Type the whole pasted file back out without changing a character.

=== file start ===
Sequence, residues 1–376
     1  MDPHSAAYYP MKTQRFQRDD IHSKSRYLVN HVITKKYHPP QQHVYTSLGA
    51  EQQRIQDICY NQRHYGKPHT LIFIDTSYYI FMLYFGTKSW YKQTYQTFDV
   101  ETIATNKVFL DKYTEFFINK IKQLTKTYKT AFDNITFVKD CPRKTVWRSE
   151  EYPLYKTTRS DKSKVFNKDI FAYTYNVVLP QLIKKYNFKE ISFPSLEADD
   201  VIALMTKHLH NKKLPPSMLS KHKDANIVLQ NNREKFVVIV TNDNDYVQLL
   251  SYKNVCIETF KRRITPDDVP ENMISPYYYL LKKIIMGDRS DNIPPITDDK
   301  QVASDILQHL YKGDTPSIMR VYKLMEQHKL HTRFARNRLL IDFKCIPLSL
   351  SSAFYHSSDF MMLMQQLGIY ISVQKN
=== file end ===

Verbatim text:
Sequence, residues 1–376
     1  MDPHSAAYYP MKTQRFQRDD IHSKSRYLVN HVITKKYHPP QQHVYTSLGA
    51  EQQRIQDICY NQRHYGKPHT LIFIDTSYYI FMLYFGTKSW YKQTYQTFDV
   101  ETIATNKVFL DKYTEFFINK IKQLTKTYKT AFDNITFVKD CPRKTVWRSE
   151  EYPLYKTTRS DKSKVFNKDI FAYTYNVVLP QLIKKYNFKE ISFPSLEADD
   201  VIALMTKHLH NKKLPPSMLS KHKDANIVLQ NNREKFVVIV TNDNDYVQLL
   251  SYKNVCIETF KRRITPDDVP ENMISPYYYL LKKIIMGDRS DNIPPITDDK
   301  QVASDILQHL YKGDTPSIMR VYKLMEQHKL HTRFARNRLL IDFKCIPLSL
   351  SSAFYHSSDF MMLMQQLGIY ISVQKN